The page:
Monday, January 26, 2015

Meet the Officers: Mark Pan

“Meet the Officers” is a biographical series that seeks to give names and personalities to the officers who run Atheists, Humanists, and Agnostics. Every two weeks, the blog will update with a post about a new officer.

Mark Pan is one of the Co-Treasurers of AHA. He is a senior majoring in Molecular Biology. Mark found out about AHA from mass emails and student organization fairs, although he hesitated to join until his junior year. In his spare time, he likes to read about neuroscience, work out with APE, play board and video games, fawn over Hayao Miyazaki films, tease Mendel, push Anna's buttons, and engage in intellectual gymnastics with Cole.

Mark's Secular Story

I wasn't always an atheist, but religion was not a significant part of my upbringing. Every now and then, my mother would take my brother and me to a Sunday morning worship service, but attendance was never mandatory. She'd take us because going to church was something that she used to do as a teenager growing up in Hong Kong. It was a way for her to feel like she was part of a community.

For a while, I attempted to get my sense of community from religion as well. During my first two years of college, I regularly attended bible studies and worship services held by Badger Cru and Asian American InterVarsity. I met a lot of great people during this time. My mentors were, and are, compassionate, wise, knowledgeable and supremely patient people. We still keep in touch.

What drew me to Cru and AAIV in the first place was that I’ve always loved pondering “the big questions” - the ones people have been thinking about and trying to answer for as long as the historical records can recall. I wanted to be around people who wouldn’t scoff, roll their eyes, giggle, or raise an eyebrow at me whenever I would bring up free willmorality, information theory, the absurdity of our existence as self-referential beings, or any of the other innumerable ideas that human beings have come up with over the millenia to make sense of the world.

It wasn’t until junior year that I started going to AHA meetings. I avoided becoming involved earlier because, like many people in our society, I had misconceptions about who atheists are and what atheism actually entails. I considered myself agnostic. In my mind, this meant that I fell somewhere in between atheists and theists. My beliefs were a question mark to their periods; one’s claim to knowledge was no better than the other’s. I resented the fact that the name of the organization itself - “Atheists, Humanists & Agnostics” - lumped open-minded agnostics in with narrow-minded atheists.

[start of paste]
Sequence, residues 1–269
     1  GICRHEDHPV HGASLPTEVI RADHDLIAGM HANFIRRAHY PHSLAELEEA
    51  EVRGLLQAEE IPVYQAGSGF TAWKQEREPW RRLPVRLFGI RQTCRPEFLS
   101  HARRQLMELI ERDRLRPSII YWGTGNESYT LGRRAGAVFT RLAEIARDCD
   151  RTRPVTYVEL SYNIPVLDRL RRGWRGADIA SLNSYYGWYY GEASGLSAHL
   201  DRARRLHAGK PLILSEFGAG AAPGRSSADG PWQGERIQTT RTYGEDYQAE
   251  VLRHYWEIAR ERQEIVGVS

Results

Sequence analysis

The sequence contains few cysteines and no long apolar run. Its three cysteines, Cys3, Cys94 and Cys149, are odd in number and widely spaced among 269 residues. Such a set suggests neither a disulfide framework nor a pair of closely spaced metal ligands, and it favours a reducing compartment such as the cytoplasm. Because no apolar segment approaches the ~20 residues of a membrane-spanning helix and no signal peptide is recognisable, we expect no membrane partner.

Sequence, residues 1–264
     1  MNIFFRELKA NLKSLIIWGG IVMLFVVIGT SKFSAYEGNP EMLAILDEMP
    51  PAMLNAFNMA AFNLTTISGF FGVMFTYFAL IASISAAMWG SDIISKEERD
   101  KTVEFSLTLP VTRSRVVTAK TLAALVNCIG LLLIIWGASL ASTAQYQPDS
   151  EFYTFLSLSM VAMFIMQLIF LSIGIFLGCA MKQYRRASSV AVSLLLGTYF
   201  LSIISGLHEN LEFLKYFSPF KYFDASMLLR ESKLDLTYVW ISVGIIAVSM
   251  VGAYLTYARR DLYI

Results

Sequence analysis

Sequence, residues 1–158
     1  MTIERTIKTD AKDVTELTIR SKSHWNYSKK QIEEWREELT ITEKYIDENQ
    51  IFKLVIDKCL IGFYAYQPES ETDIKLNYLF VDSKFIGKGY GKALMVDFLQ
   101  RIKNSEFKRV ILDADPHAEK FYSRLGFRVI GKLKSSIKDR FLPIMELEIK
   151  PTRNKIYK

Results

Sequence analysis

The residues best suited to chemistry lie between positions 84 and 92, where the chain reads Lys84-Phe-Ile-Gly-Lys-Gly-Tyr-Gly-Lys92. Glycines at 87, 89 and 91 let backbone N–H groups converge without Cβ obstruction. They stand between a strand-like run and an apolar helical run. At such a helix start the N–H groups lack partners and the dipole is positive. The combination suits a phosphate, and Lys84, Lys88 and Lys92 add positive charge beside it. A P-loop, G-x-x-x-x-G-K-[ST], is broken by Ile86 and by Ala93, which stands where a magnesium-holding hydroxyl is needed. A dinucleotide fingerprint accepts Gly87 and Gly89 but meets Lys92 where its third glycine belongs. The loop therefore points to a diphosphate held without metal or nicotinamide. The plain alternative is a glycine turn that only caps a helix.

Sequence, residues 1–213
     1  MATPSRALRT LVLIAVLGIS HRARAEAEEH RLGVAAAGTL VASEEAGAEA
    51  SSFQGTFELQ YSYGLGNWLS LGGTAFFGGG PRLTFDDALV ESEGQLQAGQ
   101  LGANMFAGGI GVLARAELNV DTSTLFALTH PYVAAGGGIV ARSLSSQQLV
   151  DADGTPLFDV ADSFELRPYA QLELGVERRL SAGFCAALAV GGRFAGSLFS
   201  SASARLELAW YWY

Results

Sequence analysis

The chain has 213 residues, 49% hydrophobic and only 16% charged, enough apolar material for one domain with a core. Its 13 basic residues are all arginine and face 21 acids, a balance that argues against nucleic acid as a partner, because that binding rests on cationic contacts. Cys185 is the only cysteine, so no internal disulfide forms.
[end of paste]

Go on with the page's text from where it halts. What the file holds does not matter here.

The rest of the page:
I realized, in time, how closed-minded I was being. The Christian doctrine wasn't resonating with me, so in the process of looking elsewhere for my sense of community, I decided to give AHA a chance. They were hosting a board game night that weekend and one of the officers, Amanda Supak, was going to bring homemade cupcakes. I like board games and baked goods, so I decided to go check it out. It was at this event that I met Amanda as well as the Archduke of AHA, Christopher “Tophu” Calvey. I mounted a subtle challenge to their atheism, eager to dissociate it from my beloved agnosticism. Our subsequent conversation prompted me to go home that night and google “the problem with agnosticism” which, in turn, led me to this paper. Long story short, I now identify as an agnostic atheist.

I met former officer Adam Benton and current vice president Cole Dreier at an AHA meeting later that week. I casually brought up the topic of free will with them. Again, instead of being met with scoffs, eye-rolls, giggles or raised eyebrows, I was met with a kindred passion for contemplating complicated ideas. Unlike with Cru and AAIV, however, the conversations didn’t stop at God.

From an agnostic who dabbled in theism to an agnostic atheist, what I was looking for all along was a sense of community - to understand and be understood. I think we all want to feel like we belong somewhere. For many people, that feeling of belonging comes from communion with at least one supernatural entity. For me, that feeling comes from grappling with intellectually stimulating ideas in the company of fellow philosophers.

All that said, I really do prefer meeting people face-to-face. If you found the time to read all the way to the bottom of this, then you can definitely find time to come to an AHA event and talk with me in person!



TL;DR version: Philosophy and neuroscience convince an agnostic theist to self-describe as an agnostic atheist instead. Friends are made along the way. Love is the answer. AHA is the bomb!

Tuesday, December 16, 2014

AHA's Displays Invade Wisconsin State Capitol

The Wisconsin State Capitol rotunda became more crowded than ever today.

Every December, the Capitol rotunda becomes cluttered with numerous religious displays, mostly of a Christian nature. This year’s entrants include two large nativity scenes, multiple signs praising Jesus, a Seinfeld-inspired “Festivus” pole, tables advocating pro-life and creationist views, and a large menorah, amongst many others.

Once again, AHA has added our own displays to the fold.

Last year, we discovered that it was incredibly easy for AHA to secure a permit for our own installation. In fact, practically anyone can put anything they want in the Capitol. All you have to do is fill out this simple one-page application (PDF). This year, we decided to push the boundaries by making our displays as blasphemous as ever. We applied for several different permits, and got approved for three displays on behalf of completely made-up organizations.

The first sign erected by AHA is on behalf of a fabricated organization of “Madison Sun Worshippers.”

The second and third signs, submitted by additional fictitious groups, were dedicated to the gods from the popular television show Game of Thrones. One is dedicated to the so-called “Old Gods,” featuring a sacred Weirwood tree and the slogan “Winter Is Coming.”

The other is dedicated to the Faith of the Seven, detailing the attributes of the seven “New Gods” in the form of a hymn from the fictional series, while referring to the fictional book series A Song of Ice and Fire as our “holy texts”.